Simon and Natalie, the two students highlighted in this article, are protected by the use of fake names. They were both willing to share their stories with The Mycenaean about coming out and being gay and bisexual, respectively, as high school students.
“I’m gay but I don’t wanna be pushed into a box, and I don’t wanna be a stereotype. I want to be me,” said Simon, a Leesville student.
Simon came out on April 23, 2012 to his mom.
“For absolutely no reason, I got mad. In my rage I thought it would be a good idea to walk home from school that day — and it’s really far. My mom called and picked me up, got me home, and sat me down at the dining table and asked me why I was upset. I told her there were some things I just couldn’t tell her…” said Simon. At the time, Simon knew his mother and a lot of his family was homophobic. “…and I told her there were some things I just couldn’t tell her. She then asked ‘What can’t you tell me?’ and then I just said, ‘Mom, I’m gay.’”
“The hardest part was figuring out if my mom still loved me,” said Simon. “When I came out she told me not to tell anyone in the family. It made me sad because I couldn’t share who I am with them.”
Simon is not alone in his fear; according to an article written by Ellen Friedriches on gayteens.about.com, many LGBTQ (lesbian, gay, bisexual, transgender and questioning) students are afraid to come out to their parents or peers for a multitude of reasons. The most common fear, like Simon’s, is the rejection of their sexuality by their parents. Teens are also afraid of being bullied, stereotyped and losing friends.
Natalie also came out to her parents while she was very upset.
“We were playing Apples to Apples with family friends sometime during sophomore year, and my dad called someone on one of the cards a faggot, and I absolutely completely hate that word, and I asked him not to say it, and he asked me ‘What does it even matter to you?’ and then I stormed out.
“My mom, who I’m much more comfortable talking with, came into my room a couple minutes later and asked me what was going on. I just blurted it out. ‘I like boys and I like girls,’ I said.”
Natalie comes from a Christian home, and she classifies herself as a Christian, so her toughest challenge has been her relationship with God.
“We all see those crazy Christians on the internet talking about how God hates gays and all that stuff, and it’s really disheartening because I love God, and I want him to love me for who I am,” said Natalie.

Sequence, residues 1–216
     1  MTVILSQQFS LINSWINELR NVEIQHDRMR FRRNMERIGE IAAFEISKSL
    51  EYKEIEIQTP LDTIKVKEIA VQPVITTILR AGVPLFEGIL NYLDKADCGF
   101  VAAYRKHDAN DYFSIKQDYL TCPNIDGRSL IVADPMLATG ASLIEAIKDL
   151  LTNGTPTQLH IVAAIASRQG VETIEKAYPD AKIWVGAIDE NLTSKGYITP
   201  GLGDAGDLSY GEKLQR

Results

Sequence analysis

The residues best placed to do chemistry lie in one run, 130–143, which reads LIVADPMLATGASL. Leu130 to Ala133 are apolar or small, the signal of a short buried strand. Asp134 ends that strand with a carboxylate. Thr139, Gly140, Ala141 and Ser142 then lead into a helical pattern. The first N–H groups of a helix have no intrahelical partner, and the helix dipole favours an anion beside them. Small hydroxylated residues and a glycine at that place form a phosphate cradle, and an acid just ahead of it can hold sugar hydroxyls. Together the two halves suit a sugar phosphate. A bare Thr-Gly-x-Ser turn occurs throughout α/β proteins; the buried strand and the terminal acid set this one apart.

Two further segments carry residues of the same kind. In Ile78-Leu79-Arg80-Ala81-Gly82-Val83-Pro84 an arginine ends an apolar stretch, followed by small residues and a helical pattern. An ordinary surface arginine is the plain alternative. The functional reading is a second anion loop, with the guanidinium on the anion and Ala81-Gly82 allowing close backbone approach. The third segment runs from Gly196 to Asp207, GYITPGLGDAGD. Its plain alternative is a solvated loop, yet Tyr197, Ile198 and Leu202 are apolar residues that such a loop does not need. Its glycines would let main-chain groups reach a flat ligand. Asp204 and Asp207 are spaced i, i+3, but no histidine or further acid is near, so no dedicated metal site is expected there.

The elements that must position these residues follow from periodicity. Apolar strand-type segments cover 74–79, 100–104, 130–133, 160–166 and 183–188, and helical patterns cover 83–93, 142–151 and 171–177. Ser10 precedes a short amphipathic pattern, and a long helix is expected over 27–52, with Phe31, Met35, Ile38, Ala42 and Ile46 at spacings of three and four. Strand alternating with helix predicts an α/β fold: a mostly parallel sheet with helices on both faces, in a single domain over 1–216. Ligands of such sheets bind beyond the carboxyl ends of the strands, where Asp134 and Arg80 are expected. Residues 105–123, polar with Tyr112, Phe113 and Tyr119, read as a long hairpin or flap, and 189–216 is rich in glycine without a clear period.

Natalie’s family is open to her sexuality and doesn’t persecute her, but they don’t talk about it because it’s awkward.
“I’m happy that my family still loves me, but I can’t voice my opinion on gay rights or anything like that because I know they disagree, and I don’t want them to get mad at me. I know they’re not comfortable with it ,so the first thing they feel is anger because they don’t understand.”
Simon, as compared to Natalie, is openly gay. He doesn’t struggle with bullying and harassment in school. “I have witnessed harassment towards some of my gay friends,” said Simon.
Unfortunately, other LGBT students around the country aren’t as lucky as Simon when it comes to being pushed around because of their sexuality.
According to the GLSEN study of North Carolina, “Many students were frequently bullied, called names or harassed in school based on the their gender expression (35%) or sexual orientation (45%)”
Due to the harassment, bullying and torment coming from their peers, LGBTQ students are “more likely to engage in health-risk behaviors than other students” as written by Laura Kann, PhD in a report by CDC in 2011. This means that LGBTQ students are more likely to behave violently, use tobacco, alcohol, and other drugs, have poor weight management and suicidal thoughts.
Plus, many LGBTQ students surrender to suicide as their only solution to stop the bullying; gay, lesbian and bisexual teens are “8.4 times more likely to report having attempted suicide and 5.9 times more likely to report high levels of depression” compared to their peers, according to a study by PFLAGNYC.
Bullying isn’t a problem for Simon: “People at Leesville are super nice and accepting to me.”
Natalie isn’t open with her sexuality at school, even though she sees how people treat Simon and other openly gay students at school. She’s afraid of being judged and looked at differently because of who she is.
“This past year, I’ve made a lot of friends, and I don’t want them to not be my friend just because I’m bisexual. Some people say that I’m hiding who I am but really I’m protecting myself,” said Natalie. “People claim to be accepting, but I don’t believe them.”
On a brighter side, many things have brought the issue of LGBTQ acceptance to the forefront, one of them being television.
Ellen Degeneres has made significant successes in bringing to light LGBTQ issues and being a positive role model for young people. Plus her television endorsement and support of the Trevor Project give young LGBTQ people someone to look up to and strive to be.
Also ABC’s Glee, gave episodes devoted completely to exploring the issues of gay teens in high school with storyline of one of the show’s protagonists, Kurt Hummel, a flamboyantly gay high school student. This show along with many others — Skins, Degrassi, The L Word, Weeds, to start — preach pro-LGBT acceptance messages which influence all viewers by giving them an inside look on what it’s really like to be a gay.
“People are becoming more accepting, and it’s becoming more of the norm, but there’s a long way to go until gays and lesbians and transgenders are accepted in our society,” said Natalie.
Leesville is one high school in the community that is more progressive than other because of the development of the Gay-Straight Alliance, a social club which allows LGBTQ and straight students to hang out in a non-persecuting environment.
“I love GSA. I’m able to be myself with my friends that who are willing to accept me,” said Natalie.